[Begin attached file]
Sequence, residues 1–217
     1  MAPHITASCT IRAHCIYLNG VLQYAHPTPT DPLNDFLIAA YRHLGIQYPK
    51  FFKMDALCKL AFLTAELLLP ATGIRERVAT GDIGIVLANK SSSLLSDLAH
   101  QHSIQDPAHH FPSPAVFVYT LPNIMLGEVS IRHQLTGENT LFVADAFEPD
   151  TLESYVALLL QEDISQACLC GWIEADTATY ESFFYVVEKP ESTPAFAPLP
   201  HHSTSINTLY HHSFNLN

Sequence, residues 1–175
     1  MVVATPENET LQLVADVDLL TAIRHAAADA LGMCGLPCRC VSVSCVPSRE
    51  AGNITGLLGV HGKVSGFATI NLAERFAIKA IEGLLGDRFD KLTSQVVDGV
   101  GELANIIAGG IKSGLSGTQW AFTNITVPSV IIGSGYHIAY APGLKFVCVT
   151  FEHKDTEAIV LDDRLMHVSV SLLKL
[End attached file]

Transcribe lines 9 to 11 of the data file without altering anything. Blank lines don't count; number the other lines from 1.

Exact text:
    51  AGNITGLLGV HGKVSGFATI NLAERFAIKA IEGLLGDRFD KLTSQVVDGV
   101  GELANIIAGG IKSGLSGTQW AFTNITVPSV IIGSGYHIAY APGLKFVCVT
   151  FEHKDTEAIV LDDRLMHVSV SLLKL